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Burning solid waste to create power makes sense
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Editor, Manteca Bulletin,

I was amazed when the Manteca Bulletin had a headline that read Manteca was requesting federal funds to buy a co-generation plant to burn biogases produced by the digester system at the Manteca wastewater treatment plant.

The city should look into uPgrading the Lovelace waste transfer station and turning it into a refuse burning electrical generator power plant like they have in Honolulu, Hawaii. They receive all kinds of garbage from the island of Oahu both commercial and residential. There they sort it out removing metals and other non-materials that will not burn. These are then bailed and sold as recycled goods. Then the remaining refuse is conveyered through a hammer mill process thus pulverizing the product into smaller pieces. They then run through a screening drum separating the various sizes of materials. The materials are then run into a boiler unit to produce steam that in turn runs a steam turbine generator which produces power for the electrical grid.

The aftermath of the burning process of smoke is then ran through a scrubbing system and exhausted into the air. The boilers run so hot that there is very little emissions from the smoke stack. The ash that is left over is then trucked to a landfill.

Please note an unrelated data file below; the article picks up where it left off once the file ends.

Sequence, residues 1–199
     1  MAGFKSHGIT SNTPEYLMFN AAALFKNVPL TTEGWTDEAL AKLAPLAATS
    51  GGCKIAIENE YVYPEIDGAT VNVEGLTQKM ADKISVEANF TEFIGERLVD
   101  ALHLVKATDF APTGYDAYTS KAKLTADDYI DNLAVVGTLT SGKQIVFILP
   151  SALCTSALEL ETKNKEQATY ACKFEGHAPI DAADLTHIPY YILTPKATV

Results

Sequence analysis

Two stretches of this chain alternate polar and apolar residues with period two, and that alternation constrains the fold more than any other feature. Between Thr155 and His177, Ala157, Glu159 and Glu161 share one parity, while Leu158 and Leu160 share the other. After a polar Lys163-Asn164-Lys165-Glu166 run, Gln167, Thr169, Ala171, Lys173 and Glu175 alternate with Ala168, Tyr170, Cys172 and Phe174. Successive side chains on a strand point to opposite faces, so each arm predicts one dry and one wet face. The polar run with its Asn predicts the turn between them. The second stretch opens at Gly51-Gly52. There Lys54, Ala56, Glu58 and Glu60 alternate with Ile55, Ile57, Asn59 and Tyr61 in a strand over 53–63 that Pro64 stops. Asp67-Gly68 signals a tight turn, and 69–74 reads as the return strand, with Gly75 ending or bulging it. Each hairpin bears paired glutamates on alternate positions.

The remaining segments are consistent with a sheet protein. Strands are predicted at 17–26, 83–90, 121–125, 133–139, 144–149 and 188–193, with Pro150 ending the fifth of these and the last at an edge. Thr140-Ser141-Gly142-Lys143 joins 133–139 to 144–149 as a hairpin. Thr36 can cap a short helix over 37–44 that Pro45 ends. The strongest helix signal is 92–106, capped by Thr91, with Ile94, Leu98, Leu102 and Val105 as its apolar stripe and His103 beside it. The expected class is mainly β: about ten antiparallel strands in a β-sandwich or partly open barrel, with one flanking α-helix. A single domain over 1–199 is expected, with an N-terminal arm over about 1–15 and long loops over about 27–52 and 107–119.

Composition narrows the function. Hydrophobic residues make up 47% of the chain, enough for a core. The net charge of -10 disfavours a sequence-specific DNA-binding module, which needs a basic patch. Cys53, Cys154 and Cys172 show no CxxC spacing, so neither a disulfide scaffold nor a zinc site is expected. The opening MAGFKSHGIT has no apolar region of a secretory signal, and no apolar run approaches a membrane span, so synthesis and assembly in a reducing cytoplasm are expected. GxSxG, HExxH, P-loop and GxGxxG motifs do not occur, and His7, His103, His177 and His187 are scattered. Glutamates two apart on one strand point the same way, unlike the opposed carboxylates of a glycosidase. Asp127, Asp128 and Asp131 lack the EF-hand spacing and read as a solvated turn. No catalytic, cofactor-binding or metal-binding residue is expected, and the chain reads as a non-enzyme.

This is a win-win situation, approximately 26 truckloads of garbage equal 1 truckload of ashes. This would decrease the amount of space taken at the landfill which is already over burdened.

The plant would have a receiving area where trucks are unloaded and the refuse then is placed on a conveyor system and metals, cans, plastic bottles etc. could be removed from the line. The remaining refuse is then hammer-milled, screened then burned.

The metals, cans, and bottles can be recycled and sold. The cost to dump is normally less than going to the landfill. Also we can’t forget the monies received from the generation of electrical power. All in all the city could prosper from this venture both lowering the cost of garbage services to the citizens of Manteca and employment for approximately 100 to 120 employees.

At this day and time we need to look into alternate forms of electrical energy. Right now all we are doing is burying our refuse and creating ecohazards! I would love to have a sit down meeting with the mayor and city council and discuss the idea with them.

Freddy L. Hensley
Former president and owner
H&H Engineering LTD
April 19, 2010